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The sheer numbers of calls completely overwhelmed and also excited us.”
At Whiteside Manor, director Ron Vervick said the additional reimbursement from Medi-Cal enabled him to hire more counselors, drivers, nurses and intake workers. Many of the residents at Whiteside are homeless and mentally ill. In the past, he said, they didn’t get the care they needed.
Kendall Jenkins sought treatment at Whiteside Manor in Riverside after years of heavy drinking and using methamphetamines, heroin and pills. He was relieved when he heard that Medi-Cal would cover his stay at the inpatient drug rehabilitation center. (Anna Gorman/KHN)
One resident of Whiteside Manor, Kendall Jenkins, sought treatment in early May after years of heavy drinking and drug use that included heroin, methamphetamines and pills — “anything I could get my hands on.” A former college golfer and hotel valet, Jenkins, 30, was homeless off and on, and spent stretches living in his car. He recently left the facility, found work at a hotel and is staying in a sober-living home nearby.
Jenkins said that when he learned Medi-Cal would cover his stay at Whiteside, he felt relieved. He was able to participate in individual counseling and group therapy and said the center “saved my life.”
Though he still thinks a lot about using heroin, he knows where he would end up if he did.
“It’s not worth it,” he said. “I know I can do this.”
The five-year pilot project, which gives the state flexibility in its use of federal money, was approved in 2015 by the agency that oversees Medicaid. The California project officially started earlier this year. Virginia, Massachusetts and Maryland also have federal permission to expand drug treatment for Medicaid members. Other states, including West Virginia and Michigan, are seeking it.
California’s drug rehab overhaul makes it easier for Medi-Cal members to get care and improves their chances of long-term recovery, state health officials said. It also aims to reduce costs by decreasing use of emergency rooms and hospitals and keeping drug-addicted enrollees out of jail and out of the child welfare system.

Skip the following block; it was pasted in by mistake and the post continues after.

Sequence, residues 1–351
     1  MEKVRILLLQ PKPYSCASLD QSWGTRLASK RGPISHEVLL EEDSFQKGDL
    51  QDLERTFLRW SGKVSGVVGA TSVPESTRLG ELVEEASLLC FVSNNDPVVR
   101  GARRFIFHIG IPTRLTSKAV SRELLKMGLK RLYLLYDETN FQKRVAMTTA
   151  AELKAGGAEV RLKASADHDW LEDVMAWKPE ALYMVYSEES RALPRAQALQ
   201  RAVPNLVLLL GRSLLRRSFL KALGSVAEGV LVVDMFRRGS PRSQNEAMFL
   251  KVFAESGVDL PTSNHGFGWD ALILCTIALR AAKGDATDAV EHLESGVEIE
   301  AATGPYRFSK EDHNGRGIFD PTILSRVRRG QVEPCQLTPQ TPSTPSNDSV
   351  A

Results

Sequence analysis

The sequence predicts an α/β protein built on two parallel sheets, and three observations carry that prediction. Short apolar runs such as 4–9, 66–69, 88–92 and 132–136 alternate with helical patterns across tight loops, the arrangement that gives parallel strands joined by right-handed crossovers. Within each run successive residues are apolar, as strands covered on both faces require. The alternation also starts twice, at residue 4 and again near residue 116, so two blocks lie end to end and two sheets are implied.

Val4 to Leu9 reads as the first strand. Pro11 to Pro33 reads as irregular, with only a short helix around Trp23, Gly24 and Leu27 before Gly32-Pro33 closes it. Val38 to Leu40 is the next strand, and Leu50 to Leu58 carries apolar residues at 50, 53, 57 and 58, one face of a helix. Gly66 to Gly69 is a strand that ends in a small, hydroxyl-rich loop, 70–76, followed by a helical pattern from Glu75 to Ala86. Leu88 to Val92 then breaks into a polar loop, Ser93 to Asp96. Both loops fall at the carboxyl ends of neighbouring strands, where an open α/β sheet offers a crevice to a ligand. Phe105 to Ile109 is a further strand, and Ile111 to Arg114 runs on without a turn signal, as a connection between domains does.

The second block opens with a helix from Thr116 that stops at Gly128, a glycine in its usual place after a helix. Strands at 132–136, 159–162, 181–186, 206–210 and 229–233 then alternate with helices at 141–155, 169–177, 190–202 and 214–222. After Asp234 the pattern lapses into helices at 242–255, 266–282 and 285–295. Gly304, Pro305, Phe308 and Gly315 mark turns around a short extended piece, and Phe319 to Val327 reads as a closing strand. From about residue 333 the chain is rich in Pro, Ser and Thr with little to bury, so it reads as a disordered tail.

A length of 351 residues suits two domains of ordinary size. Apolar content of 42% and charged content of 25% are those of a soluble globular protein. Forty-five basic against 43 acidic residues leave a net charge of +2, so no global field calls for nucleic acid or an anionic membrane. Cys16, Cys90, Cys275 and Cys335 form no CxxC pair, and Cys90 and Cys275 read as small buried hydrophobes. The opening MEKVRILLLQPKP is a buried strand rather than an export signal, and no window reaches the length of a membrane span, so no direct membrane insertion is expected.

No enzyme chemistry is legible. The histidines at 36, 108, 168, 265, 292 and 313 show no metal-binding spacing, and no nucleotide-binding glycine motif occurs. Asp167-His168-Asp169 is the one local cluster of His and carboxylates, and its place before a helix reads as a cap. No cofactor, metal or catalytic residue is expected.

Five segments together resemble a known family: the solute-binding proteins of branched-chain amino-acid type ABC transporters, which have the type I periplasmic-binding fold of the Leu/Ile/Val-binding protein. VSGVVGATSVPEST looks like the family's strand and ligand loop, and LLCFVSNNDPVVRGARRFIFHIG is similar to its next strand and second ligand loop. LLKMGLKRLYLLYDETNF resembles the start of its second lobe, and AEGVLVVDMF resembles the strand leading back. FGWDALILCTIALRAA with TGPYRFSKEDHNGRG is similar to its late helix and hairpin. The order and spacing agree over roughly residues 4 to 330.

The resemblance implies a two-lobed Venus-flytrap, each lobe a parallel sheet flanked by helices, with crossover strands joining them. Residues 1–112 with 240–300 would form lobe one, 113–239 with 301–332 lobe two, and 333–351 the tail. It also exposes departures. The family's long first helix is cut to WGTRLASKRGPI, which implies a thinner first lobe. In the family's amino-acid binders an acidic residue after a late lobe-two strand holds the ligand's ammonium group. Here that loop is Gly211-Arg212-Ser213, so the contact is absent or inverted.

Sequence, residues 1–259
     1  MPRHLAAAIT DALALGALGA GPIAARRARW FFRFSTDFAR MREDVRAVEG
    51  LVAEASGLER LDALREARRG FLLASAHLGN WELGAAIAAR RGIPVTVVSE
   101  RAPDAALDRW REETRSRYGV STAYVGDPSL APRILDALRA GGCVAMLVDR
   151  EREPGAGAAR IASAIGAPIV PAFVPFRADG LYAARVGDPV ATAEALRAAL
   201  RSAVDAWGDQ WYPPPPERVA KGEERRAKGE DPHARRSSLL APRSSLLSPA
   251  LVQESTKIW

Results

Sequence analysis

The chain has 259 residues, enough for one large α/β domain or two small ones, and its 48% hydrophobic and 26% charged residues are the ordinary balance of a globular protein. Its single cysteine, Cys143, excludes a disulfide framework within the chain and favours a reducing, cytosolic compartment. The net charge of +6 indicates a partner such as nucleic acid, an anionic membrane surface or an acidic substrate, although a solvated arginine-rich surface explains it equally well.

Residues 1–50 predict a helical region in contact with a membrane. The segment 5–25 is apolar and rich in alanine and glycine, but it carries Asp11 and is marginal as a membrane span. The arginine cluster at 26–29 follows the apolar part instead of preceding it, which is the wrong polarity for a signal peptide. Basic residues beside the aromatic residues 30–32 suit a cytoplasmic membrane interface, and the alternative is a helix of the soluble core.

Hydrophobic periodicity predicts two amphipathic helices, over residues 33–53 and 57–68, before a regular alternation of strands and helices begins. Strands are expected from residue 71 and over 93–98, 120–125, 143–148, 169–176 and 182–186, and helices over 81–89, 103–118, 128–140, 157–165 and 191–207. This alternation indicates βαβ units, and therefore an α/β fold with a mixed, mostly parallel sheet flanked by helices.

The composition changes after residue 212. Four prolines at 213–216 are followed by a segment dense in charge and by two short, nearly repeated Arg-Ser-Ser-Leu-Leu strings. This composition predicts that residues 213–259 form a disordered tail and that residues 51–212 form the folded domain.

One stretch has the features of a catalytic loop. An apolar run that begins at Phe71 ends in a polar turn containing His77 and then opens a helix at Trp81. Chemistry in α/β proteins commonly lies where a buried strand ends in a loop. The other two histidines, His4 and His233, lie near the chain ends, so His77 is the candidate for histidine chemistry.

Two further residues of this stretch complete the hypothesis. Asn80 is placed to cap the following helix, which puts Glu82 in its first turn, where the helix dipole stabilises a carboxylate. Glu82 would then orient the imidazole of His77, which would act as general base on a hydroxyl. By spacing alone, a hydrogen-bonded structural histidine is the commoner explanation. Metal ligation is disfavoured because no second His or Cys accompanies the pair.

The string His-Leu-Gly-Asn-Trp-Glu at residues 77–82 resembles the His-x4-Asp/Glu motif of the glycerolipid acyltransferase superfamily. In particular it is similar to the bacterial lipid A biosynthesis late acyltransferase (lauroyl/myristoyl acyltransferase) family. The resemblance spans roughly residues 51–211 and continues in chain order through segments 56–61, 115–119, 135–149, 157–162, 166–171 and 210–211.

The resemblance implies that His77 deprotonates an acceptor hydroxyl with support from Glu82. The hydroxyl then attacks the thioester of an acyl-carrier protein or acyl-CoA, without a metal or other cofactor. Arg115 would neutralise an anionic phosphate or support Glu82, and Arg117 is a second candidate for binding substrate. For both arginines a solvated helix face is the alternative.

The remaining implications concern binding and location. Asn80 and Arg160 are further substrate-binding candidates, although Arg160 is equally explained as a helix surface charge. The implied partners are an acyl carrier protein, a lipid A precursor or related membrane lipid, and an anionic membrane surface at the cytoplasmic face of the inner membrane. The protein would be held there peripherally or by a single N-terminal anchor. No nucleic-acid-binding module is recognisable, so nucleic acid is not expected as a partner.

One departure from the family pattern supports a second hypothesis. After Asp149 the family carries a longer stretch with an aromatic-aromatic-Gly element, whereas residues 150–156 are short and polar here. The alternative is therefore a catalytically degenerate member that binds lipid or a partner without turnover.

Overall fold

“It is such a dramatic change to our substance abuse field,” said Marlies Perez, chief of the substance use disorder compliance division at the state Department of Health Care Services. “We turned off one system one day and turned on a whole new system the next.”
Health officials and service providers say that with the federal waiver they are finally able to address addiction as a chronic disease. Instead of simply getting short-term outpatient care, Medi-Cal beneficiaries can receive ongoing treatment from detoxification through recovery, tailored to their specific needs.
“The old traditional way was a rather canned approach to recovery,” said Bruce Copley, director of the Department of Alcohol and Drug Services in Santa Clara County.
The state does not yet know how much the changes will cost, because the program is open-ended: Anyone eligible for the services in the participating counties can receive them. In previous years, the state has spent about $180 million annually on drug rehabilitation for Medi-Cal beneficiaries. Perez said the state is only beginning to receive bills and is hoping to prove to the federal government that the changes will actually reduce overall costs related to substance abuse.
Drug rehab providers still fear for the future of Medicaid given the ongoing debate over health care in Washington, said Tom Eby, clinical director of Whiteside Manor, a nonprofit residential treatment center in Riverside. If his clients lost their Medicaid coverage — or the federal government ended California’s drug rehab program — it could imperil the progress being made, Eby said.